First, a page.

I asked a guy at his last place who I went to Uni with what he was like.

He gave him a not great review because he worked on the night team.


Im so loving glad I didnt listen to that guy and its the last time ill ever do that

droll
Jan 9, 2020


Absurd Alhazred posted:

I mean, even if this doesn't violate the applicant's privacy, it sounds like a great way to perpetuate one of the many old boy's clubs of tech, so probably don't do it?

I am neither old nor a boy FYI. Please don't make assumptions like that, that's actually gross.

Sickening posted:

No. An example what is gross and uncool is to take the email address that is presenting in the resume and checking across the internet to see what that email is registered for. Gross looking at their social media to figure out the things they are into. Gross is trying to figure out their reddit account based on similar usernames on their social media handles and finding out they have a panty hose fetish.

Woah that is way more hosed up than I envisioned.

droll fucked around with this message at 21:28 on Mar 4, 2021

Absurd Alhazred
Mar 27, 2010

I'm the babyliberal, gotta love me!


droll posted:

I am neither old nor a boy FYI. Please don't make assumptions like that, that's actually gross.

Fair enough, edited.

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Saukkis
May 16, 2003

Unless I'm on the inside curve pointing straight at oncoming traffic the high beams stay on and I laugh at your puny protest flashes.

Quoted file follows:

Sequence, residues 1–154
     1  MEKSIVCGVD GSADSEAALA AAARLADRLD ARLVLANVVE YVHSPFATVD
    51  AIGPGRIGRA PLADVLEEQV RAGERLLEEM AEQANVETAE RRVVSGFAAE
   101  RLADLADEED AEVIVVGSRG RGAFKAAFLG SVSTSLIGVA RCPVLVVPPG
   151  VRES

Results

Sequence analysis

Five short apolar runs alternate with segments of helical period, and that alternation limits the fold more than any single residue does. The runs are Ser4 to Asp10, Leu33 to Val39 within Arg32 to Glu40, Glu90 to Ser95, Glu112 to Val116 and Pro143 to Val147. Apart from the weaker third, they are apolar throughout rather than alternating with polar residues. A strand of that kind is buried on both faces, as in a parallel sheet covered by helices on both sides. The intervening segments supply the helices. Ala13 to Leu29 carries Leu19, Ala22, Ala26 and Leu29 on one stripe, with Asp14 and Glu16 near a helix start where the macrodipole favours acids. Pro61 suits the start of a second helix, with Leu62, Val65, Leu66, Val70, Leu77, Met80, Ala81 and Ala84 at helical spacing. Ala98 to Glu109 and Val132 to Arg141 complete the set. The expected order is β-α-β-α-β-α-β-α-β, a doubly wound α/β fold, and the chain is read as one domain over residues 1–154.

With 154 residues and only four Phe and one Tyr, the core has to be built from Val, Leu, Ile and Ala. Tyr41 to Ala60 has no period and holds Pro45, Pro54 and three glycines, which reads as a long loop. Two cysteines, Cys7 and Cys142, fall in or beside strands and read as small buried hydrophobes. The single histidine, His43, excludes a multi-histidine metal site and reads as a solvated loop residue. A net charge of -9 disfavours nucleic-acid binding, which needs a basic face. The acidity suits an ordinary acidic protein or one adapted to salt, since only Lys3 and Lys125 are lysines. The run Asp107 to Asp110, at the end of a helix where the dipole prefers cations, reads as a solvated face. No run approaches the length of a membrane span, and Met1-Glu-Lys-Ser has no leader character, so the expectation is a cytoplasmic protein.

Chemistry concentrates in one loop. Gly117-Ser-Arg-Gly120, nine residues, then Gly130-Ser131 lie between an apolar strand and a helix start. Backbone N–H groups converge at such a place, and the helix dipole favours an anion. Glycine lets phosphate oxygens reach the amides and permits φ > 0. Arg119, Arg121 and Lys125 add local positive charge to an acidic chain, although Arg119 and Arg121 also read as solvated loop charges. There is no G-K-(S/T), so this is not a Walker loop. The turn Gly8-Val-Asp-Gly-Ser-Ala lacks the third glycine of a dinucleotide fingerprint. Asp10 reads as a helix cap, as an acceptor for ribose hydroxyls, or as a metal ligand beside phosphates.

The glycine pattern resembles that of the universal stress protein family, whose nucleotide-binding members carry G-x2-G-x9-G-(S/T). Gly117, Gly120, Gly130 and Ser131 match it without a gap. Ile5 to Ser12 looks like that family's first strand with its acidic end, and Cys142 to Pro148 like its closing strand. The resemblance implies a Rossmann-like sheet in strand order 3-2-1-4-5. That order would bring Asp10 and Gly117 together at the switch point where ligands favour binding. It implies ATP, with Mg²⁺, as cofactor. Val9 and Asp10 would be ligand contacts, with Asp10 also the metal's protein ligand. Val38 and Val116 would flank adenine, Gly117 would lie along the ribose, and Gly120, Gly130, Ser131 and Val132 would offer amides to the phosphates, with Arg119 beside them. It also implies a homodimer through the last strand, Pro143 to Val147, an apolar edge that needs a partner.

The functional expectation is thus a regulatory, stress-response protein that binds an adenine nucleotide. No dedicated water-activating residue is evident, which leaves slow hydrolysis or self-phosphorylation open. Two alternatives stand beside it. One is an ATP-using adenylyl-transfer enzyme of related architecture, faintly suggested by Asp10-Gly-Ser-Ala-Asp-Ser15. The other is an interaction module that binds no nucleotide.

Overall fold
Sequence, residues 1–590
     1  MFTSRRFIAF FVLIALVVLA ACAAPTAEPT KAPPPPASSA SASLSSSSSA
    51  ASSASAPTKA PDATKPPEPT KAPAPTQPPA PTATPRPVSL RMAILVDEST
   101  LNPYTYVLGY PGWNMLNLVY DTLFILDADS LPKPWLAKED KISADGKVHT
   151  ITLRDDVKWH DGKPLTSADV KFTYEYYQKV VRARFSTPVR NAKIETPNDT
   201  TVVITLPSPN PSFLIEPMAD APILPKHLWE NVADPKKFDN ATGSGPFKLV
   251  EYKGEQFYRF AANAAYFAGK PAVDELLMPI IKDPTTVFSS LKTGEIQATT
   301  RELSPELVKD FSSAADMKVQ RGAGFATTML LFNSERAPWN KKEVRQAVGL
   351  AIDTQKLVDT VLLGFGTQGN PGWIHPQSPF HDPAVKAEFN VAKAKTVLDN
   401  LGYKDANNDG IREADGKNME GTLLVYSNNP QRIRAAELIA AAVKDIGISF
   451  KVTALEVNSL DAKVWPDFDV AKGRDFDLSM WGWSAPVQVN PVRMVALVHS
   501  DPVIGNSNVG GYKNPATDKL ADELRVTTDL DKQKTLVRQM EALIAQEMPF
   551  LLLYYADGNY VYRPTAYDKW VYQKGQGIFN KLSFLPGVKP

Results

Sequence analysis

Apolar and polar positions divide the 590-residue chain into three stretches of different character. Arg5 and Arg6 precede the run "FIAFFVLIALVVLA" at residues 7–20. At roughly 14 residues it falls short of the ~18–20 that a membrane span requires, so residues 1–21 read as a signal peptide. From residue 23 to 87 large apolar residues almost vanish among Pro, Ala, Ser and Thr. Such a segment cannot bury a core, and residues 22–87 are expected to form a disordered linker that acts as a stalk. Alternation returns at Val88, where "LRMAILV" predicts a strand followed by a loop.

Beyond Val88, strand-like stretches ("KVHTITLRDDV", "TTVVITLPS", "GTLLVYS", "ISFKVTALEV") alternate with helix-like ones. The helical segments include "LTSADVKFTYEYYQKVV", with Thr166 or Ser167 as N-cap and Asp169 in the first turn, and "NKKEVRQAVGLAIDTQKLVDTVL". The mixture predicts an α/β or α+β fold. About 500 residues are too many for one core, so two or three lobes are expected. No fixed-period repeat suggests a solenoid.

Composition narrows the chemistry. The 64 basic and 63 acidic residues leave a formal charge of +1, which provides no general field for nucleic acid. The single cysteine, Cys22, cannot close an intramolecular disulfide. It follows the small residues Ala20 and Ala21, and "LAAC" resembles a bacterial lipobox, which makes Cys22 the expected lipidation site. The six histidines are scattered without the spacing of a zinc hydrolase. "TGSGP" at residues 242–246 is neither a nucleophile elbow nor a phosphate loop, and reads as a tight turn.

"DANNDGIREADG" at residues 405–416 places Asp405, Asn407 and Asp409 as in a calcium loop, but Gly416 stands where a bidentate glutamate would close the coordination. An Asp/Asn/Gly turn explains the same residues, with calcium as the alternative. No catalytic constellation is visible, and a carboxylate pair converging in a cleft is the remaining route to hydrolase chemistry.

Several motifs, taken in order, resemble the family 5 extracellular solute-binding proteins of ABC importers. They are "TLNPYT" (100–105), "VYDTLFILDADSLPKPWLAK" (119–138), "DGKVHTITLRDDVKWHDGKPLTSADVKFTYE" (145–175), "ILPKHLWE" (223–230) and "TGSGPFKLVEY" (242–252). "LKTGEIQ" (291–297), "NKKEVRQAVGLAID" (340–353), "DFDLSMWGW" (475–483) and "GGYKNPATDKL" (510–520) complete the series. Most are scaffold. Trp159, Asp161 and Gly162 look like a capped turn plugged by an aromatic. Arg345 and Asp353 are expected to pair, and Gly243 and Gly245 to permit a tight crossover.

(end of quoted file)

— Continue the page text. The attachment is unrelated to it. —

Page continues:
I am Most Important Man. Most Important Man in the World.

Defenestrategy posted:

As part of my role as infosec guy, I've been tasked with doing "employee education", and so every two months I've been putting out a short company newsletter that has broad stroke significant company affecting infosec event summaries, such as successful phishing attempts on employees, or foreign IP logins,etc as well as a "infosec tip of the day" kind of thing where it outlines a thing to be slightly safer, like enabling MFA or signing emails with PGP, stuff like that.

My question is: Am I just pissing in the wind with this, or is this kinda thing worth while?

It might be more useful if you can find subjects that people will care about. Just this week our IT sec did presentation where they told about a recent small scale phishing campaign that snared about a dozen people. Instead of immediately using their accounts for spamming as usual, the phishers waited until near the payday, logged in to our SAP HR system and changed the bank account numbers. People started asking questions when their pay euros were no where to be seen. Beside the multitude of organisational failures that this was possible, this is the best example why you should not get phished that I have seen.